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‘Crawling Ghost Nurse’ Trick Goes Wrong in Indonesia

Posted on the 26 January 2012 by Periscope @periscopepost
‘Crawling ghost nurse’ trick goes wrong in Indonesia

A suster ngesot. No wonder the guard was scared. Photocredit:

A security guard in Bandung, Java, Indonesia has been charged with assault. Not so unusual, you might think – except that he’s under suspicion of kicking a young woman in the face – because he thought she was a “predatory ghost.” According The Guardian, the girl was dressed in white, had hair over her face, and was moving “ ‘in a weird way’”. She resembled a suster ngesot, which The Guardian translates as “a crawling nurse ghost.”

When the white-clad figure moved towards the lift in an apartment block, the guard, named Sunarya, behaved as any responsible security guard ought to – he kicked the “ghost” to the ground, so that everybody could run away. The event reminds Periscope of a similar episode in the comedy series Alan Partridge, in which the hapless TV presenter pretended to be a zombie for a joke – but only succeeded in terrifying everyone. Life imitating art, once more.

The suster ngesot turned out to be a 20-year old university student, Mega Tri Pratiwi, playing a “ghost trick” on her friend for a birthday. She was hospitalised with minor injuries. Her father, Mahfud Djabir, a wealth businessman, reported the security guard to the police. The incident, which happened in December, is causing Indonesians to think about the gap between rich and poor, and about their own supernatural heritage.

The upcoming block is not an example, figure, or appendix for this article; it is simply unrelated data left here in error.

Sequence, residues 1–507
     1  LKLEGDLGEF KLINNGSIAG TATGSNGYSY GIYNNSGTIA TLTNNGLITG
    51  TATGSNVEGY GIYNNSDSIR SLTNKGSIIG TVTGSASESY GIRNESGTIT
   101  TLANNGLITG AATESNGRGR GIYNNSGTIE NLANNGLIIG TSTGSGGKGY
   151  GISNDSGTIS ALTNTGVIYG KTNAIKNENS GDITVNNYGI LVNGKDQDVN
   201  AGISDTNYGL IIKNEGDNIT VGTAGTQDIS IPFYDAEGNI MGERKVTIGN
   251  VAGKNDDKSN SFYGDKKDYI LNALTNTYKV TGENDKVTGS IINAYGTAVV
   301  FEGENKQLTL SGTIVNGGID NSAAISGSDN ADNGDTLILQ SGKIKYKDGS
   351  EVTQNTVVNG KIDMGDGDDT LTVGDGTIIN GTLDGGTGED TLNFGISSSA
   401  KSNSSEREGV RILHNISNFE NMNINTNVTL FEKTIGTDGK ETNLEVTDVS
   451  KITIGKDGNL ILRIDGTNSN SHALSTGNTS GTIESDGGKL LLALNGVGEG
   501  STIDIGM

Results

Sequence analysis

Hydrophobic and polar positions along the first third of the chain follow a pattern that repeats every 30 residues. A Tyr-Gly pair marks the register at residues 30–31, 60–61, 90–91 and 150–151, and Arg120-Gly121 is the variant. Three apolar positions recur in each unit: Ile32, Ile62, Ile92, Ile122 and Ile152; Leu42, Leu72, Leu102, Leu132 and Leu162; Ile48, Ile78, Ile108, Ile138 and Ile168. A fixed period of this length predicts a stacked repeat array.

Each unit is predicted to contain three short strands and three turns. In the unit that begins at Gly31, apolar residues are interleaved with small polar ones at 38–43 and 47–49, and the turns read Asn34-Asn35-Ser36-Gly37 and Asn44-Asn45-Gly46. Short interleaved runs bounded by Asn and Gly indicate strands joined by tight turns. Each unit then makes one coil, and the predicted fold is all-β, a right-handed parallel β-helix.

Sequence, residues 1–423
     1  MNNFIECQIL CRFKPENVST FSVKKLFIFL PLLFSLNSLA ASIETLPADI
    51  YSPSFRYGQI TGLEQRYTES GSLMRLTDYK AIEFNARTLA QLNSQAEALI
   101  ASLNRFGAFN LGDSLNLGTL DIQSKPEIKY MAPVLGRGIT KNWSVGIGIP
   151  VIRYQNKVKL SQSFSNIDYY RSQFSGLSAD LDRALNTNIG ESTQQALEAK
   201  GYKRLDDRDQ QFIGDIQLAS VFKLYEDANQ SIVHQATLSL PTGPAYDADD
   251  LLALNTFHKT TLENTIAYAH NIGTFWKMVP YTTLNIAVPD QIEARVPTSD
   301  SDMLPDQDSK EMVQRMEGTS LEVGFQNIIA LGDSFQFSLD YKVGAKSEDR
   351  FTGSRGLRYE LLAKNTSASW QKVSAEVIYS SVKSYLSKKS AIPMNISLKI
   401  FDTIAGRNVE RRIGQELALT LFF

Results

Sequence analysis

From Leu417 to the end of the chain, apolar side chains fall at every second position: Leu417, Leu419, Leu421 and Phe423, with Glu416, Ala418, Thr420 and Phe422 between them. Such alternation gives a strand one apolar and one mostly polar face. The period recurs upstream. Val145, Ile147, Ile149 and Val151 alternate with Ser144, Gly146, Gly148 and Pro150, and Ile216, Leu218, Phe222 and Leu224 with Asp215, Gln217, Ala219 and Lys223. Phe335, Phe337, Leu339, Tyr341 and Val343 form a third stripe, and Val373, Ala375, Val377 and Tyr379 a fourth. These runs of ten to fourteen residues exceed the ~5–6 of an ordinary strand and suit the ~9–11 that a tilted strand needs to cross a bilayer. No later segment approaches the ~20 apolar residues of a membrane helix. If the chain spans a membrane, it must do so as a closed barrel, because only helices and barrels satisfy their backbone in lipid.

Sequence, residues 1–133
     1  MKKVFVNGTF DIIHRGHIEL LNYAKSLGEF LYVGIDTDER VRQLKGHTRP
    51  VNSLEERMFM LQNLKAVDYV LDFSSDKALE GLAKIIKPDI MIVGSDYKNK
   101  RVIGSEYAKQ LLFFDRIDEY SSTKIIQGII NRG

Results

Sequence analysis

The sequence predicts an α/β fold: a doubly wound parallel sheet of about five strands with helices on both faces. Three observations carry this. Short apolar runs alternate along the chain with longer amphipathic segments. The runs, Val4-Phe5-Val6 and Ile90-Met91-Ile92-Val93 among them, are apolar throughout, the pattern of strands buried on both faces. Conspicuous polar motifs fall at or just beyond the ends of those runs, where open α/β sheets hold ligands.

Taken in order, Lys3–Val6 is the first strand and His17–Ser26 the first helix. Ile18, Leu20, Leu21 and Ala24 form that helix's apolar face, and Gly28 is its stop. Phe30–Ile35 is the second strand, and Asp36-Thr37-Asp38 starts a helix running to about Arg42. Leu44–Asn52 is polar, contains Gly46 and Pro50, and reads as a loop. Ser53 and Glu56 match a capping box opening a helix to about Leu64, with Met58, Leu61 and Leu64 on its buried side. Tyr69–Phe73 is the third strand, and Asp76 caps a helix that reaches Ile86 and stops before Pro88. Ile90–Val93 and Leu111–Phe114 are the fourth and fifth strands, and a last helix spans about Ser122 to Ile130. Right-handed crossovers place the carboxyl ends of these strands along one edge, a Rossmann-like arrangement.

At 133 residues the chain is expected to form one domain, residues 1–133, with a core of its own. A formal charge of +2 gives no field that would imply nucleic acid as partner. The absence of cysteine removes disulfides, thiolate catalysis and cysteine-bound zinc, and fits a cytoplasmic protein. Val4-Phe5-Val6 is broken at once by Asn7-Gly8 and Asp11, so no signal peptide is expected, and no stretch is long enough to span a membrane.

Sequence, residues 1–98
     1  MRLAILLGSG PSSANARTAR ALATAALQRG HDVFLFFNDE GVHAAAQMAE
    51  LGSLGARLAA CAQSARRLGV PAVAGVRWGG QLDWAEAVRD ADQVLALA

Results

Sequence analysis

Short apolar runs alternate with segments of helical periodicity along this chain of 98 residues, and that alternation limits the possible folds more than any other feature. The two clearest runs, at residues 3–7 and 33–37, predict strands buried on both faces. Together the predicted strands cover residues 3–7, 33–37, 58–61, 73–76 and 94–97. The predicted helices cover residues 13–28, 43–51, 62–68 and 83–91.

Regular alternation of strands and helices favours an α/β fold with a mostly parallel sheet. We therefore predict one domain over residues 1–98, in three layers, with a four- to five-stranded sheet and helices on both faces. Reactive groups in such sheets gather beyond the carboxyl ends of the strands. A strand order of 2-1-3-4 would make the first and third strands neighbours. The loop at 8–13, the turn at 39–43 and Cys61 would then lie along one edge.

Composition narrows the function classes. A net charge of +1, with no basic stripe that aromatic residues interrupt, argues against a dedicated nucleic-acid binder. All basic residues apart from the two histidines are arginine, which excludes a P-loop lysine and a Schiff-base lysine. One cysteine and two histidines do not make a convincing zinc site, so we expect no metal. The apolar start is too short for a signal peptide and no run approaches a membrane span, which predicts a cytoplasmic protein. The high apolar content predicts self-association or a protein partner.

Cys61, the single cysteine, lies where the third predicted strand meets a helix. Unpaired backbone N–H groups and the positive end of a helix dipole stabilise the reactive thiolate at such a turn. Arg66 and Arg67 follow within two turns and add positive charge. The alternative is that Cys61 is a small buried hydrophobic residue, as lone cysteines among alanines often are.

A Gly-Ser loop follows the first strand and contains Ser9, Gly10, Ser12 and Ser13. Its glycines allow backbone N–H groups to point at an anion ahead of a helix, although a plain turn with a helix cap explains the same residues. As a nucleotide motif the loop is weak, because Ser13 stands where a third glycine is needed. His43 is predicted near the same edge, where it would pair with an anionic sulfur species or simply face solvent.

“I have a wife and two little children, I hope everything will be fine. I just did my job as a security guard,” said the guard, quoted on The Guardian.

A country of many ghosts. You can hardly move for spooks, The Guardian said; there is a strong supernatural heritage in Indonesia, despite its Muslim nature. Ghost sightings are common, with “floating female figures dressed in white, with long hair and, sometimes, long fingernails.” Ghost and vampire films are “wildly popular”, whilst “at least 10 people” have reportedly been “possessed by spirits” after visiting a particular tree in Jakarta. Supernatural creatures in Indonesia take on terrifying shapes – the pocong – a “shrouded corpse ghost”; the kuntilak, a “female vampire ghost”, and the jenglot, a “mummified vampire doll with fangs and long hair who feeds off human and animal blood.”

In support of the guard. Thousands, said The Jakarta Globe, have condemned Mega Tri Pratiwi. A Facebook group has been set up to support the guard, which has gathered 5,000 supporters, one of whom wrote: ““Silly unstable teenager, lucky for you you didn’t die of the security officer’s kick and become a real crawling nurse in the apartment … Why don’t you just accept the result of your own doing? It was a reflex; the security officer couldn’t have kicked you intentionally.”

In support of the ghost. Mega Tri Pratiwi has responded to the condemnation: “No one deserves injustice or to be treated with violence, no matter who they are,” she says in a blog. “Security guards have no right to use violence.”

Why do we even believe in ghosts? Some “weird shit” happens in Indonesia, said Indonesian blog Unspun. But this was a “tragicomedy.” In Indonesia, the “rich often bully the poor,” as can be seen by the actions of Mega’s father. But what Unspun wanted to know is how exactly a “crawling nurse ghost” came into the Indonesians’ imagination. You’ve got to wonder about the psyche of a people that thinks about things like that.


Watch the grainy ghost girl fail below.

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